Want to avoid cancer? Silly question, I know – who wouldn’t? Well, a new study done by the European Prospective Investigation into Cancer and Nutrition (EPIC) has found that those who consume higher levels of vitamin K2 are 14 percent less likely to get cancer. And those who consumed high levels of the vitamin who did get cancer were 28 percent less likely to die from it.
These numbers may seem low, but when it comes to cancer prevention, anything you can do to improve your chances is worth trying. Avoiding toxic products that contain carcinogens, eating foods high in cancer-fighting phytochemicals, getting adequate nutrition and overall living a healthy lifestyle are all secrets to a long and cancer-free life.
Vitamin K is considered an “emerging nutrient” as more research comes out about its function in the body. As you might have guessed, there is more than one form of vitamin K. The term “vitamin K” actually denotes a whole family of related compounds. Two of the more common forms are K1 and K2. Vitamin K1, also known as phytonadione, is found in green vegetables like broccoli, Brussels sprouts, spinach or lettuce. Vitamin K2, also known as menaquinones, is a little harder to source, which I’ll get to after the jump.
Over the past 20 years, our understanding of what vitamin K actually does has changed dramatically. Vitamin K is important for many reasons, and the following are what has been discovered thus far: it allows for normal blood clotting; it helps protect your bones and prevent fractures; it helps prevent postmenopausal bone loss; and it helps to prevent artery calcification.
Surprisingly, a great deal of our daily vitamin K2 comes from the bacteria in our digestive tract. That’s right, the good bacteria that lines our digestive tract actually create vitamins that we then absorb. So keeping the bacteria in your gut healthy, primarily by eating foods that promote the growth of good bacteria, like fermented and high fibre foods, and avoiding foods that encourage the growth of bad, such as sugary or processed foods, is essential for getting enough vitamin K2.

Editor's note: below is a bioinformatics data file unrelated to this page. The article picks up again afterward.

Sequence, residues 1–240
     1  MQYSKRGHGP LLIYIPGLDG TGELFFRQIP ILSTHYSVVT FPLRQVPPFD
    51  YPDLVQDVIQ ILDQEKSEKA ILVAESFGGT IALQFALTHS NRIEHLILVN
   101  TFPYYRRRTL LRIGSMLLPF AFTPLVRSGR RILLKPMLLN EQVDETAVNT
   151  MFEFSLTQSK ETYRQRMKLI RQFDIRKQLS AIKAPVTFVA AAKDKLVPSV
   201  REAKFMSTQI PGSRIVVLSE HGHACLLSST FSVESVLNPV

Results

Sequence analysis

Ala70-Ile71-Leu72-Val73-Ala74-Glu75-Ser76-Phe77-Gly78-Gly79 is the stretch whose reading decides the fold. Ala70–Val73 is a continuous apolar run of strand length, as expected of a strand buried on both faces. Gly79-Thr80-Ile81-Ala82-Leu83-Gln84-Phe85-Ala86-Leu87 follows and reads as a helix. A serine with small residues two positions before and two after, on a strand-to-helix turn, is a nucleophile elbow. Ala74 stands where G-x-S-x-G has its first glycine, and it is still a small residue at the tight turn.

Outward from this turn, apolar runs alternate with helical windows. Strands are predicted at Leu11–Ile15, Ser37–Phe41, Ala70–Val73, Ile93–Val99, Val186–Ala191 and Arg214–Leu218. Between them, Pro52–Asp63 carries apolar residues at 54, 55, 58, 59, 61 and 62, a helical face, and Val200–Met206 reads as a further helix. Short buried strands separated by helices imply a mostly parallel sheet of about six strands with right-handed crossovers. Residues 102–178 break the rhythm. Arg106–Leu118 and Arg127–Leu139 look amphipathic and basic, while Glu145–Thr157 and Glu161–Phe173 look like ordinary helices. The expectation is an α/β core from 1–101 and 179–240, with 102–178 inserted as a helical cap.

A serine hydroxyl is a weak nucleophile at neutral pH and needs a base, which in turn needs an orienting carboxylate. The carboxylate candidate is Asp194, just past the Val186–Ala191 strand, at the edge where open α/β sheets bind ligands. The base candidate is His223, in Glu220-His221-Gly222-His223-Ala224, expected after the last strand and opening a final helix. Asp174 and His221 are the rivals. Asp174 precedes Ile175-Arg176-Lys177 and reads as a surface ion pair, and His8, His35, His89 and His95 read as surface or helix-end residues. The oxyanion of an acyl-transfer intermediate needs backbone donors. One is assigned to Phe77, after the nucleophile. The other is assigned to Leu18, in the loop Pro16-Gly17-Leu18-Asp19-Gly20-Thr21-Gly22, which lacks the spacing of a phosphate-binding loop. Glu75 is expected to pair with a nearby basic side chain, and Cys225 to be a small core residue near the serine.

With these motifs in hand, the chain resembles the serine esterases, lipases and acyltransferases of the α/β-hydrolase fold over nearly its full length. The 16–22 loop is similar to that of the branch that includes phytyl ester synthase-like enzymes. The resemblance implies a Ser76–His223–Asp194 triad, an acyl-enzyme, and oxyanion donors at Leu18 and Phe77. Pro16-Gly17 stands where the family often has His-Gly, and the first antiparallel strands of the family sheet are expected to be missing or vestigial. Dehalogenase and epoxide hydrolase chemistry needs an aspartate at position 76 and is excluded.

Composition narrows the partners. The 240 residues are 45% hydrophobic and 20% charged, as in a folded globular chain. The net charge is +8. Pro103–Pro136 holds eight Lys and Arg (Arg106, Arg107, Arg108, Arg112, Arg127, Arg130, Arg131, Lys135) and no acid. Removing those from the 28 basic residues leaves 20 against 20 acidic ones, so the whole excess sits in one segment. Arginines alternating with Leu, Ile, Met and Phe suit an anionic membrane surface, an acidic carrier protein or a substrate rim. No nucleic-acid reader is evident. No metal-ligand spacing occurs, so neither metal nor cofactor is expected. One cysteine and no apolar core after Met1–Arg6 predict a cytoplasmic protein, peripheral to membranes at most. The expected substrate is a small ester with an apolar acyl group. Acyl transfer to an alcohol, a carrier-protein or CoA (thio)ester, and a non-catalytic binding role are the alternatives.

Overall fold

There are several forms of vitamin K2. While one form Menaquinone-4, can be found in meat, more forms like menaquinones-7, -8, and-9, are found in fermented foods. So the same bacteria that are making the vitamin K2 in your gut are also making it when they’re fermenting your foods. Makes sense. These fermented foods are what the researchers found subjects in the study were getting most of their K2 from, mostly in the form of cheese.
But there are also non-dairy or meat sources of vitamin K2 which have a dramatic effect on our health – lactofermented vegetables! As well as giving you a high dose of potent beneficial bacteria to colonize your digestive tract, lactoferementing foods also increases their enzyme content. Those beneficial bacteria also make vitamins more bioavailable and increases the actual vitamin content, including that cancer preventing vitamin K2. Note that any fermented foods found on the shelves of your grocery store have been pasteurized, thereby killing all the good bacteria and enzymes. To reap the benefits of lactofermented foods, experiment with doing some home fermenting.
The Healthy Foodie is Doug DiPasquale, Holistic Nutritionist and trained chef, living in Toronto. Doug specializes in private in-home holistic cooking lessons.